The SFs of the base images (see Figure S1 in Supplementary Material for a plot of the spectral content of the base faces) were randomly sampled trial-by-trial using the SF Bubbles technique (Willenbockel et al., 2010a). In brief, the to-be-filtered base image was padded with a uniform gray background and then subjected to a fast Fourier transform. The amplitude spectrum of the padded image was multiplied element-wise with a filter constructed in the following way: A vector consisting of randomly distributed binary elements (45 ones among 10,195 zeros) was convolved with a Gaussian kernel, referred to as an “SF bubble” (σ = 1.8). This yielded a smoothed sampling vector. The sampling vector was subjected to a logarithmic transformation to take into account the fact that the human visual system is more sensitive to low than to high SFs (e.g., De Valois and De Valois, 1990). To obtain a two-dimensional filter, the log-transformed, smoothed sampling vector was then “rotated” about its origin. After multiplying the two-dimensional filter element-wise with the amplitude spectrum of the base image, the result was back-transformed into the image domain via an inverse fast Fourier transform. The “SF bubblized” image contained a random subset of the base image’s SF content (see Figure 3 for sample stimuli; for an illustration of the filtering procedure, see Figure 1 in Willenbockel et al., 2010a).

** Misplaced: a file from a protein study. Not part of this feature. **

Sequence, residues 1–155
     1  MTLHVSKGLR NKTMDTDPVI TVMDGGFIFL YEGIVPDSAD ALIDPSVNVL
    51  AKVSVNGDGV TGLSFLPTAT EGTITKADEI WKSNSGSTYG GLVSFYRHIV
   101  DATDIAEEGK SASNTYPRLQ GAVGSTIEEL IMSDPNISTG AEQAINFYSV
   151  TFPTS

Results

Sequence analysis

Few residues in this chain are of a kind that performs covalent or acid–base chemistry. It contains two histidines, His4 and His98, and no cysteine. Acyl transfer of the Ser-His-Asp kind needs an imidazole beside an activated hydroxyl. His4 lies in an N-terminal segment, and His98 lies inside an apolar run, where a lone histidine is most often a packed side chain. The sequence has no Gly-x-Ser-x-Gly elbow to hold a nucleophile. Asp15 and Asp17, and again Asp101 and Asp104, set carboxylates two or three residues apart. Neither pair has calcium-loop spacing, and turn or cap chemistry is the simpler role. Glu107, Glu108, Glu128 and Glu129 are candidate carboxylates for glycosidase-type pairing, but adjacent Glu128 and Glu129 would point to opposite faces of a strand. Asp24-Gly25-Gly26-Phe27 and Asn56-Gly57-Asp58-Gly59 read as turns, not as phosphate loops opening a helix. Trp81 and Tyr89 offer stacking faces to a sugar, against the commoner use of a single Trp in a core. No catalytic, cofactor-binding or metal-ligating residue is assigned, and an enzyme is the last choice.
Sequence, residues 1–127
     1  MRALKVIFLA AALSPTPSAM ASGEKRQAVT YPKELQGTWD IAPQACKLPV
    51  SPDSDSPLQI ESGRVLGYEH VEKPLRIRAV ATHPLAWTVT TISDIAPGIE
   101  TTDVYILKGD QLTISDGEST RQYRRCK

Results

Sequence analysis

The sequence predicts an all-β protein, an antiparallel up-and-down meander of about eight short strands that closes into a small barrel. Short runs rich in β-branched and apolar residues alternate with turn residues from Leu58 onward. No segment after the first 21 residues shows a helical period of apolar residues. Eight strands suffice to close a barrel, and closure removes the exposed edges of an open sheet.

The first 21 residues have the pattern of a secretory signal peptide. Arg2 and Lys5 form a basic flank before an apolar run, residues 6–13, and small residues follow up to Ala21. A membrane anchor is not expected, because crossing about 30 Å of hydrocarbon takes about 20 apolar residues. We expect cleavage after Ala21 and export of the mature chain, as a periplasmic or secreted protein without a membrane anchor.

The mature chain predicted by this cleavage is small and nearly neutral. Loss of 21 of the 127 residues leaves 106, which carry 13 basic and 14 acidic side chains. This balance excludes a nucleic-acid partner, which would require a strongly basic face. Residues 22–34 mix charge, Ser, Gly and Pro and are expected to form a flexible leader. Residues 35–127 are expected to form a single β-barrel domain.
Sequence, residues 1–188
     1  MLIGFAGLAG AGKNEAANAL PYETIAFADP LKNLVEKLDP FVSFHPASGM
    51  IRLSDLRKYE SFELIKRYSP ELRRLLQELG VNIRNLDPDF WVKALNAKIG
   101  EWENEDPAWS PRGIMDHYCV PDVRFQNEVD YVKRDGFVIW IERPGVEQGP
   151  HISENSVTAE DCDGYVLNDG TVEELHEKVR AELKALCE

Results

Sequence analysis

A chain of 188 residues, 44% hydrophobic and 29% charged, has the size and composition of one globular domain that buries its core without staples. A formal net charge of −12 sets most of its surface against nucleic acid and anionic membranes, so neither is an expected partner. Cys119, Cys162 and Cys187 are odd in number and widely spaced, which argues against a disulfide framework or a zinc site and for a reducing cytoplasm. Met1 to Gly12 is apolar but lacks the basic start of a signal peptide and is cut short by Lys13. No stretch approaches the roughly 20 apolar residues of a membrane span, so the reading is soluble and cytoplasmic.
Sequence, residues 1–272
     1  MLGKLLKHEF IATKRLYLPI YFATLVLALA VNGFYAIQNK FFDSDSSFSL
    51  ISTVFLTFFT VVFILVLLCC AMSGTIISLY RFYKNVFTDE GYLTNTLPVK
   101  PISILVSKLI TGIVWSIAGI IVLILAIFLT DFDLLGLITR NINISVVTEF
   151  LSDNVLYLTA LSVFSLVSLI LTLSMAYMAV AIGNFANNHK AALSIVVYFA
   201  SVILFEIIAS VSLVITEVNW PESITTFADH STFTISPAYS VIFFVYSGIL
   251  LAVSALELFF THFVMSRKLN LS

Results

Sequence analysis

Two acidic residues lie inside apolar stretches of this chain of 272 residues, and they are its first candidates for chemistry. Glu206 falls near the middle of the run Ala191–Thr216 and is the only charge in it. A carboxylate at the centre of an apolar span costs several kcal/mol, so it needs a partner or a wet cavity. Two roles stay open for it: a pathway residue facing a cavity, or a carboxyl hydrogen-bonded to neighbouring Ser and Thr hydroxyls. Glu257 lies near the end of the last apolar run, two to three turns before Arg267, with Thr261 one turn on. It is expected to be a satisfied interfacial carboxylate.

Figure 3. Example of a face image filtered with the SF Bubbles technique on six hypothetical trials.
The contrast level of the SF sampled stimuli was kept constant across experimental conditions but was adjusted for each participant so he/she reported being able to recognize the facial expressions in the visible face condition (see Procedure) but did not detect the faces in the invisible face condition. For Participants 1 and 2, this resulted in a mean RMS contrast of 0.019 and for Participant 3 of 0.024. To be able to display stimuli with low contrast, we used Floyd-Steinberg dithering (Floyd and Steinberg, 1976), which enhances the luminance resolution (see also Allard and Faubert, 2008). The face stimuli subtended visual angles of approximately 7.1° horizontally and 12.8° vertically.